9. PTD says:

    And guess what, DAoC was NEVER balanced. NEVER. Are you saying that the Destruction vs Order problem has been resolved? Because they could never figure it out in DAoC. No matter what they did, there was always one realm that could bulldoze the other two. People who are drawn to heavy RvR games are also often drawn to the SIDE OF STRENGTH, because they want to win. I don’t know how Mythic could solve that problem.

    However, the point I was trying to make was that I don’t have any business knocking WAR based on what I’ve heard on a few blogs or message boards. You are focusing too much bashing on an expansion you never even loaded up. It’s fine that you’re over WoW, it’s great that you’ve found a game you enjoy. I just wish you didn’t feel the need to bash WoW occasionally when you really don’t have a frame of reference.

    Yes, there are queues to get in on many, many servers. I’m glad you had the foresight to put official in quotes, because Xfire has no bearing on the actual number of players. On the other hand, I would argue that Xfire is better representative of the more “hardcore,” and that explains why their numbers are trending down. And of course there is some churn in the first couple months of the release of any new MMO or expansion. This includes WoW, LoTRO, Warhammer and others. That’s how it works. Having seen the vast numbers at the Warhammer release followed by the significant churn once the free month was over, you should know that.

    Just so we’re all clear here, I like reading your blog, and enjoy your posts. :) I just wish that since you have made the move, you would quit trying to talk about a game you don’t even play anymore, getting digs in it when you can.


  10. Werit says:

    If they had content to 100, filled with quality quests (ala Wrathgate I hear) they would certainly get my money longer.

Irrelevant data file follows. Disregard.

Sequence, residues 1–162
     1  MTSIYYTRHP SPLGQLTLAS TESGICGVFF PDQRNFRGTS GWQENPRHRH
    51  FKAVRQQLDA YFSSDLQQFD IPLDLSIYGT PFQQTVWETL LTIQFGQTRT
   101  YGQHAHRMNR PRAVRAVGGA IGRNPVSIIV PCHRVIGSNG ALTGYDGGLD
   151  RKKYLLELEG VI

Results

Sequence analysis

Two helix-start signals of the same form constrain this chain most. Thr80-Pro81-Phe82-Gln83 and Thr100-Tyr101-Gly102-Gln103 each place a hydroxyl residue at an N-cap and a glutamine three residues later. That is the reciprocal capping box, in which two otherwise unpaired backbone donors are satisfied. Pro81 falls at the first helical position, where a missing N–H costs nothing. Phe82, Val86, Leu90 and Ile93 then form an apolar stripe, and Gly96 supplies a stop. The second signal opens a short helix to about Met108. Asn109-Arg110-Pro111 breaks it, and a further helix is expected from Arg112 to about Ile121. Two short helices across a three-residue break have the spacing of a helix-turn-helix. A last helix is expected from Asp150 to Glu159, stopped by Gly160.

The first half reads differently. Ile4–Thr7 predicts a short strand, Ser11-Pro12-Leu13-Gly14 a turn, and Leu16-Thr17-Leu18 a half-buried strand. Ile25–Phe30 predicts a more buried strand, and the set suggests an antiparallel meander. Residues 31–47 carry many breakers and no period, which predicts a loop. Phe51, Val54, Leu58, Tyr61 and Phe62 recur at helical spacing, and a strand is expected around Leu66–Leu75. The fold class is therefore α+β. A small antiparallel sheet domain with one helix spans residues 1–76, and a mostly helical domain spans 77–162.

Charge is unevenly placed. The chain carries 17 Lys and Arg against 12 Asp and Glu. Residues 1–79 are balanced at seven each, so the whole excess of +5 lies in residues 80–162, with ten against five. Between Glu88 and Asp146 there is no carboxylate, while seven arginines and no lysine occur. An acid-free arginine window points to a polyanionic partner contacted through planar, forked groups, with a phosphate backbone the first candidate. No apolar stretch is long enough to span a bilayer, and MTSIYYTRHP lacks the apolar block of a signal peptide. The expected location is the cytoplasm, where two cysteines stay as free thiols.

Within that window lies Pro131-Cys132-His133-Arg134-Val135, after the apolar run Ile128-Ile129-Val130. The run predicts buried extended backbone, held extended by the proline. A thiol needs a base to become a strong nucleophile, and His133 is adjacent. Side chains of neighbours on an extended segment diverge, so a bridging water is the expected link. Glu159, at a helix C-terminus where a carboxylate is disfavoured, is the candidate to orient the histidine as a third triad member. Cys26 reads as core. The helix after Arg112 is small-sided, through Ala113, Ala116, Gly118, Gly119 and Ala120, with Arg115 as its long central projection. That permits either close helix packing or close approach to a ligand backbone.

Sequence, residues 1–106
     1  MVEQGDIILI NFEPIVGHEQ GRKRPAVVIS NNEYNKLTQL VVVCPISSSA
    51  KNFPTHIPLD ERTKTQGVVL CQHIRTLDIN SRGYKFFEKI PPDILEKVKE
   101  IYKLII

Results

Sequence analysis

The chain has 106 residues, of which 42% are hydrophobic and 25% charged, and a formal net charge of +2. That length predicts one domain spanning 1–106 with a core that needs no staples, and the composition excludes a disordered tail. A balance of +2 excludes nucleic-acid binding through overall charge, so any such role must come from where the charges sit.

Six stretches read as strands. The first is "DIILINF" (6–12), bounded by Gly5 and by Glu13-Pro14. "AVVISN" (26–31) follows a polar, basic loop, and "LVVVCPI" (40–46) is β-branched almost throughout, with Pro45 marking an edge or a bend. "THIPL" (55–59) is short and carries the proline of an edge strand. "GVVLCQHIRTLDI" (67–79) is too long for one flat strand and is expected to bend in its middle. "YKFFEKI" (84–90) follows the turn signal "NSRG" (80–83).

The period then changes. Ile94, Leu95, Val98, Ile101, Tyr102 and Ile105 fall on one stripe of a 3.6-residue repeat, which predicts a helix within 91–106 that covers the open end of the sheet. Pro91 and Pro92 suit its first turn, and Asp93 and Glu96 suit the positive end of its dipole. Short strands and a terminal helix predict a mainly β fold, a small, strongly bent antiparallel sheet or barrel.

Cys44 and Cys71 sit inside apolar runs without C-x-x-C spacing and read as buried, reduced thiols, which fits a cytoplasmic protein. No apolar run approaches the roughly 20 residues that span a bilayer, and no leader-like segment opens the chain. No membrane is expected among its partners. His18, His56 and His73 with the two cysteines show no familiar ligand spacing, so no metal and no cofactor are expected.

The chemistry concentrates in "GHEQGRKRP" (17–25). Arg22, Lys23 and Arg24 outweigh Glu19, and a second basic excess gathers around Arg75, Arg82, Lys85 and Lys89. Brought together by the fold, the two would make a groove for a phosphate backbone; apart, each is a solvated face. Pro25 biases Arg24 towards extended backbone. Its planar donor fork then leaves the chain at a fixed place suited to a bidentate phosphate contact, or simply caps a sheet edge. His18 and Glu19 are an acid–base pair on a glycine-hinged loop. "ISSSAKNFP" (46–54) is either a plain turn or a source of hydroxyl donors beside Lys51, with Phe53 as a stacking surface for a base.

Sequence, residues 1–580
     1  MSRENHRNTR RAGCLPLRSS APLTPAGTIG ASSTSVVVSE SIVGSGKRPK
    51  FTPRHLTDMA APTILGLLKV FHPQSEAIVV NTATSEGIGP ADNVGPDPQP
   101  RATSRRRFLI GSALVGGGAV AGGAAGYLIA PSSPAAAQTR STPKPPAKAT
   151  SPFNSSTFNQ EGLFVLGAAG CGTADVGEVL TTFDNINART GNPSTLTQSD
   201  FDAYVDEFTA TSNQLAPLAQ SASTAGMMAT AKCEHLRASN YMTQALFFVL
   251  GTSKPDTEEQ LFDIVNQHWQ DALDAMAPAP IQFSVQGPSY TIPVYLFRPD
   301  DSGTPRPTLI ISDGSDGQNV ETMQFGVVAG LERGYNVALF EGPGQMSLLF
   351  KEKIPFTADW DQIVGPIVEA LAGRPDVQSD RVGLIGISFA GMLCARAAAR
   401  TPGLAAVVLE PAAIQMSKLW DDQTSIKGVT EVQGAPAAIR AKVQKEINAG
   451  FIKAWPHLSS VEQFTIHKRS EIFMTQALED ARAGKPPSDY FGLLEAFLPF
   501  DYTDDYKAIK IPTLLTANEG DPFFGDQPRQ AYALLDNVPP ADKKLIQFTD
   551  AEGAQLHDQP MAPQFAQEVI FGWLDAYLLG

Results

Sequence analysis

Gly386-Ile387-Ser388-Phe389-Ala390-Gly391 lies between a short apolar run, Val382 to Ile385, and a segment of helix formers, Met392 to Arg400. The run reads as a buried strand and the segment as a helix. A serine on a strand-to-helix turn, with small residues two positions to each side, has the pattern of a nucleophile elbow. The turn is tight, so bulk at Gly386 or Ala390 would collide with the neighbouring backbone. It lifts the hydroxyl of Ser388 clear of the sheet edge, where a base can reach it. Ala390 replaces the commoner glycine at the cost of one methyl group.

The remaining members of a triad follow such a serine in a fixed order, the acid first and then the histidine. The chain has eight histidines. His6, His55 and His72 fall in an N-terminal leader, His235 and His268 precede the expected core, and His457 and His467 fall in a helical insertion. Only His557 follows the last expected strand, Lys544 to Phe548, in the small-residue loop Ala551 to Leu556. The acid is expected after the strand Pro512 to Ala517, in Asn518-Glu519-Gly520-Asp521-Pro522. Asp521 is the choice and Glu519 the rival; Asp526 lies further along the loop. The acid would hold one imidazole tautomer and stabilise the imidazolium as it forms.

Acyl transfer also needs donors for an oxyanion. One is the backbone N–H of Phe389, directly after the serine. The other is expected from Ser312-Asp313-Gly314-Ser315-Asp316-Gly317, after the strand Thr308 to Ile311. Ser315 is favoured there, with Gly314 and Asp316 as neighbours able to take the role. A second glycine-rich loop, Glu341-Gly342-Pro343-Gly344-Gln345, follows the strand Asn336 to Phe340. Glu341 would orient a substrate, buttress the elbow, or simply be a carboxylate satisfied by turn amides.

11. Yeebo says:

    I think that many players do indeed agree with the basic premise of this post. WoW is fun 1-cap, and pretty much falls flat on it’s face once you hit the cap. You won’t see many statements like that in established WoW blogs simply because those are by definition gamers that think the current WoW end game is just fine. You really can’t play for more than a few months unless you get heavy into some of the end game activities. Ergo, gamers that hate the end game won’t have long running WoW centric blogs.

    If you haven’t seen any other bloggers griping about the end game being the same grind in WotLK that it was in BC and vanilla, you haven’t been reading a lot of general MMO blogs. Brent and Keen and Graev are two pretty high profile MMO bloggs that have recently expressed a similar sentiment, just off the top of my head.

  12. Tesh says:

    To my mind, the whole game is a series of treadmills (as are most MMOs; it’s just the window dressing that changes). It’s just that the endgame treadmill is more blatantly obvious, and in a different gear than the leveling content, so it’s natural that there would be complaints shifting from one to the other. It’s not a phenomena new to Wrath, or even unique to WoW; it’s part of the mainstream MMO design mentality.

    Yes, Blizzard could make more leveling content. Until they see a dent in their sub numbers that kicks them out of their complacency, they have little impetus to do so. *shrug*

  13. Anjin says: